Affluent investors should understand the concept of sequence risk. It isn’t the average return of your portfolio that matters during your retirement years. It is the order that you earn your returns that will have the most telling impact on your ability to retire and achieve your financial objectives. If we experience a bear market early in your retirement and you are taking withdrawals from your portfolio to maintain your lifestyle, then you could find that withdrawing money while your portfolio values are declining in a bear market will be devastating to your plans. And while patience is the portfolio strategy that is most frequently recommended by those advocating buying, holding, and waiting for average returns, you might find that time has run out and an unwanted lifestyle change is in your future. Risk management is more than an emotional decision based on your personal willingness to accept portfolio volatility in bear markets. It’s a necessity for those who are approaching retirement or who have already retired. The logical, data-driven strategy of defending portfolio values in bear markets by changing the asset allocation of client portfolios shouldn’t be overlooked by those who want to have the highest probability of achieving their financial planning goals.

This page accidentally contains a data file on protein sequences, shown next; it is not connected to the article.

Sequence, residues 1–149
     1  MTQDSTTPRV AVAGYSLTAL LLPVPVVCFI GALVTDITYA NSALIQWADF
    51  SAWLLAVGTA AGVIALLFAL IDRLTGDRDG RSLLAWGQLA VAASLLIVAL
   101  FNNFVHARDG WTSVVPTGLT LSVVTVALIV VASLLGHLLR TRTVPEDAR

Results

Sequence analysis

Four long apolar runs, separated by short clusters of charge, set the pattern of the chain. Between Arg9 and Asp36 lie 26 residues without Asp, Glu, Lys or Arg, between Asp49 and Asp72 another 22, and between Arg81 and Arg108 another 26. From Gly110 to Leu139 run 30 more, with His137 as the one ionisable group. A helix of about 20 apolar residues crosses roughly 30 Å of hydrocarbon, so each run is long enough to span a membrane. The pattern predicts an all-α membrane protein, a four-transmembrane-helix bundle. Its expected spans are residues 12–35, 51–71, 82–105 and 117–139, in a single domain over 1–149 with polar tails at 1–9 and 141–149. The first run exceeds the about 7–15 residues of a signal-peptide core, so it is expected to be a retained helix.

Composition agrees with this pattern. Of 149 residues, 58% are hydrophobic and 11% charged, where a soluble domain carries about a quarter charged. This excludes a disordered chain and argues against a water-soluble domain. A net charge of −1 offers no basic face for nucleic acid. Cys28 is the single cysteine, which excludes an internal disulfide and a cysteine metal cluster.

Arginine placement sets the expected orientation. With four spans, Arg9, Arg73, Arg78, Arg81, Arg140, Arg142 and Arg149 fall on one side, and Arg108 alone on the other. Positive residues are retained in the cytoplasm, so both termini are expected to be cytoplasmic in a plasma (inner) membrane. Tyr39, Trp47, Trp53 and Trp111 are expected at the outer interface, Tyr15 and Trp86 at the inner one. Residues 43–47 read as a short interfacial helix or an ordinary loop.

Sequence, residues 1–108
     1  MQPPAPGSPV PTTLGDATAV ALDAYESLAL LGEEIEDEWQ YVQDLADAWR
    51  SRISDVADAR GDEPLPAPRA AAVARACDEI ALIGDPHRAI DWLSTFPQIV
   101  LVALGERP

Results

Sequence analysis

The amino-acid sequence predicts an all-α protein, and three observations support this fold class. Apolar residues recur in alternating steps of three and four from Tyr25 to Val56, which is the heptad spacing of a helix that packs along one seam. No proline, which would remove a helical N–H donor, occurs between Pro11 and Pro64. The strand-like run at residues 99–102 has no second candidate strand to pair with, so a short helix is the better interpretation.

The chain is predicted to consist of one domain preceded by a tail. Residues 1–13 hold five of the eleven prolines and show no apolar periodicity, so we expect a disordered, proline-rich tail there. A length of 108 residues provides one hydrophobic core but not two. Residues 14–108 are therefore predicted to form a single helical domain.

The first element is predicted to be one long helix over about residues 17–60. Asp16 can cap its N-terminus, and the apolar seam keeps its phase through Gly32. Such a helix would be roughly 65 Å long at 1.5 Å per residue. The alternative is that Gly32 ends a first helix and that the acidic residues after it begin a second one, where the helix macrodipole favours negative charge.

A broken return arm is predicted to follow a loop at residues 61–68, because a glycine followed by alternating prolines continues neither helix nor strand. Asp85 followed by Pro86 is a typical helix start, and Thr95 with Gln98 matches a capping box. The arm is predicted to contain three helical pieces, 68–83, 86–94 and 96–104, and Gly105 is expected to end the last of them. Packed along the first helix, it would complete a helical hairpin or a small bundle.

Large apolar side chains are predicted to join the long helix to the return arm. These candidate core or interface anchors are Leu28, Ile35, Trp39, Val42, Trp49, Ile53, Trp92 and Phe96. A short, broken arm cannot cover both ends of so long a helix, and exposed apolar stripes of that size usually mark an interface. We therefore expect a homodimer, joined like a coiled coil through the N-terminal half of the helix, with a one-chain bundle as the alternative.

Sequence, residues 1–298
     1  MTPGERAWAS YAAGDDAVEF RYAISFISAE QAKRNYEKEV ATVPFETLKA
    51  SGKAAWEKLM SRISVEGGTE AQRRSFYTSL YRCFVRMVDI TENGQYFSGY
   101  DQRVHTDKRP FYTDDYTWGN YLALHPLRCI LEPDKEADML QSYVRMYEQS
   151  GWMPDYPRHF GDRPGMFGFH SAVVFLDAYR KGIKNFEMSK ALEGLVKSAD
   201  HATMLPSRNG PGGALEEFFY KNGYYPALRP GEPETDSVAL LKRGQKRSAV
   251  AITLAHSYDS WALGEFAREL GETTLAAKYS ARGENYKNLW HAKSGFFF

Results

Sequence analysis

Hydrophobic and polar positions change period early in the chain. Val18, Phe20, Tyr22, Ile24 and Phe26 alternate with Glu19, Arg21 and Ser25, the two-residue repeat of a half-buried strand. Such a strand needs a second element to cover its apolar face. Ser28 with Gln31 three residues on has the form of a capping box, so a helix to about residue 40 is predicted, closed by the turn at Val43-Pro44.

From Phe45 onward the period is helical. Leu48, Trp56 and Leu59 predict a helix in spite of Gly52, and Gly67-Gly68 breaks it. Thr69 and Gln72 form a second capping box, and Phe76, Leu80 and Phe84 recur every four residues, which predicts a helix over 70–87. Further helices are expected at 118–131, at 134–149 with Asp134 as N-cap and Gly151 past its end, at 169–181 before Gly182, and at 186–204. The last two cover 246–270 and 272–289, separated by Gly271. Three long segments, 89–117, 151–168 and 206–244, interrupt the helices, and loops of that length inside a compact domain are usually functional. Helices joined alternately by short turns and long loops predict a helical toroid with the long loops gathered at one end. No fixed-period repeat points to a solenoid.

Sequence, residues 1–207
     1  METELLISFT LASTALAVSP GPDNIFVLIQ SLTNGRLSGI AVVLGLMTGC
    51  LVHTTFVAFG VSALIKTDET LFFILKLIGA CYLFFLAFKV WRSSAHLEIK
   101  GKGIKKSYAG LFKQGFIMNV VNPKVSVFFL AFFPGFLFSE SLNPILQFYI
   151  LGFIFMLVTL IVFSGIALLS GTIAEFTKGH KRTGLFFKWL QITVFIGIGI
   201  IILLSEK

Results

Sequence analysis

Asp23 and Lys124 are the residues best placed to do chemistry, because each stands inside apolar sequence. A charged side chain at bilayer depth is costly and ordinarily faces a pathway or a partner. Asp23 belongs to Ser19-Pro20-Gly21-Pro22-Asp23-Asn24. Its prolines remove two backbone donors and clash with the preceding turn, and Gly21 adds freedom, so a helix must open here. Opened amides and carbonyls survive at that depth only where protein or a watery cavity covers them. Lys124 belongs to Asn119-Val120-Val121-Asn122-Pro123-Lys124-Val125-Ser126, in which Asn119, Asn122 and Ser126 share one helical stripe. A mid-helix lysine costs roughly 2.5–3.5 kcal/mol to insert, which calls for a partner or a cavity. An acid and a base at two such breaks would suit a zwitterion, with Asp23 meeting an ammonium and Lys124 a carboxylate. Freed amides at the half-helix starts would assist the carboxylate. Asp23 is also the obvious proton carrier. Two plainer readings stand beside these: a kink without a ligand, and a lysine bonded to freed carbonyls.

About the Author

Ken Solow

Ken SolowKenneth R. Solow, CFP®, ChFC is a founding partner and serves as the Investment Committee Chair of Pinnacle Advisory Group, Inc. As a founding Partner, he was instrumental in creating the tactical asset allocation strategy currently used by Pinnacle to manage $2.2 billion in assets. Solow is nationally known for his views on active portfolio management, and his 2009 book, Buy and Hold is Dead (Again): The Case for Active Portfolio Management in Dangerous Markets, is considered the definitive work on Tactical Asset Allocation. Solow appears regularly at events sponsored by the Financial Planning Association, National Association of Financial Planners, the Investment Management Consultants Association, and the AICPA, and has been published in The Journal of Financial Planning, Smart Money, Financial Planning Magazine, The Baltimore Sun, the Globe & Mail, and the Wall Street Journal.View all posts by Ken Solow →